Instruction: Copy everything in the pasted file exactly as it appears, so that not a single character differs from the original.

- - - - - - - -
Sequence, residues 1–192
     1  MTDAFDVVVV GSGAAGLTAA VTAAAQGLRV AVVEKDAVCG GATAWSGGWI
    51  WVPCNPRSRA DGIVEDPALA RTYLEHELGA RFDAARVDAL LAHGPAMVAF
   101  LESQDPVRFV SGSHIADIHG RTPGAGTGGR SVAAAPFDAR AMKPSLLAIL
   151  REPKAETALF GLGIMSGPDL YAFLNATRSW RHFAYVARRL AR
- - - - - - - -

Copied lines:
Sequence, residues 1–192
     1  MTDAFDVVVV GSGAAGLTAA VTAAAQGLRV AVVEKDAVCG GATAWSGGWI
    51  WVPCNPRSRA DGIVEDPALA RTYLEHELGA RFDAARVDAL LAHGPAMVAF
   101  LESQDPVRFV SGSHIADIHG RTPGAGTGGR SVAAAPFDAR AMKPSLLAIL
   151  REPKAETALF GLGIMSGPDL YAFLNATRSW RHFAYVARRL AR